Armed with these insights, businesses can channel their creativity and innovation efforts into areas that will have the greatest impact and help them stand out in the market.

Taking into consideration what respondents see as their greatest asset, it’s logical, then, that businesses see protecting customer relationships (33%) and retaining employees (23%) and key people (23%) as core areas to protect in turbulent times.

Rebuilding a customer base and recruiting and training new people are key drivers that can hold businesses back from being able to capitalise on improving business conditions. Being able to secure your share of the market as it expands again, along with having the people to deliver your products or services will go a long way to ensuring your business is not only resilient, but on a strong path to recover as economic conditions improve.

Unsurprisingly, our more prepared businesses are also looking to protect their future planning and strategy processes. This yet again reinforces the long-term outlook that these prepared businesses value so highly during challenging times.


Insights for business

For resilience: hang on to your people and customers

In usual form, mid-market business leaders retain their confident and optimistic attitude, while keeping an eagle eye on the economic outlook.

Some of our mid-market businesses seem to be taking a slightly happy-go-lucky approach, hoping either that Australia avoids economic downturn or that they’ll get through with a strong customer base and skilled workforce.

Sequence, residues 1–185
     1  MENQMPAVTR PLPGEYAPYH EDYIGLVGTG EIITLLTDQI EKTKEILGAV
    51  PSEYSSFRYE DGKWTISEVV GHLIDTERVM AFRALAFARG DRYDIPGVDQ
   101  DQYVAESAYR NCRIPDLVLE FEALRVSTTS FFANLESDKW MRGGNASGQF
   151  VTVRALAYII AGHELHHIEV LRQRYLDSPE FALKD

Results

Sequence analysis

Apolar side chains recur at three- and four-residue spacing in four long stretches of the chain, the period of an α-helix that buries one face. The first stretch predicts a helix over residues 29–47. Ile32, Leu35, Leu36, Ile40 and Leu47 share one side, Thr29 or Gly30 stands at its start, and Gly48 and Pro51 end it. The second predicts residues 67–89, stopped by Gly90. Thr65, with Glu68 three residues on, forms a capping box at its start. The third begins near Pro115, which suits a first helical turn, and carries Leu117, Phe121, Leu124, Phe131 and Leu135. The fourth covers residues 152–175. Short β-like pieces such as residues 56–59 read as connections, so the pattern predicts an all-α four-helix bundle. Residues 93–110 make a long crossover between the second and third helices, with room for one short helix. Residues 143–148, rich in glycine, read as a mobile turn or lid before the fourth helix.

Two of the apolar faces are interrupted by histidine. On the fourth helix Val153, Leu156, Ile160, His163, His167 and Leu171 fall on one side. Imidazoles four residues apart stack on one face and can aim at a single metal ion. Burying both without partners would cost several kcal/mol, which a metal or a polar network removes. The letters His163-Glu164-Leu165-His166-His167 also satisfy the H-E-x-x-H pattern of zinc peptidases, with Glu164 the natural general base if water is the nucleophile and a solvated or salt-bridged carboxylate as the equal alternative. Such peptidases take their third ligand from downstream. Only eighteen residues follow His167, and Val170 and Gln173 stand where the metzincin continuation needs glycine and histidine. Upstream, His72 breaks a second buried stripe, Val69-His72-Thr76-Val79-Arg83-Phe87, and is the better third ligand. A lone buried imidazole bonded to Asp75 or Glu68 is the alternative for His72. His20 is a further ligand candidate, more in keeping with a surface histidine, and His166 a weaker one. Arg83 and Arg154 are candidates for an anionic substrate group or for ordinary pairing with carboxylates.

For all businesses, turbulent economic times present both challenges and opportunities, and it’s important to take both defensive and offensive actions to set your business up for the greatest chance of surviving, and even prospering, during a downturn.

Strong relationships will be fundamental; actively managing your relationships with your customers, your people, your suppliers and financiers will be key to future success.

10 Actions you can take: 
Beyond the obvious focus of streamlining operations and reducing input costs, here are the steps you can take now to ensure your business is ready for any economy:
  1. Keep a close eye on changes in behaviour of customers, suppliers or stakeholders. This may foretell challenges they are facing and provide you with an opportunity to insulate or minimise any potential negative impact on your business
  2. Negotiate more favourable terms with suppliers and financiers, or consider looking for other providers.
  3. Double down on your customer experience. By actively engaging with your customers, you will have a greater chance of retaining them, and attracting new business.
  4. Segment your customer base and focus on those that value your offering and are likely to buy from you again.
  5. Look at how you can broaden your offering – what extra products or services would be low-cost to implement but greatly valued by customers?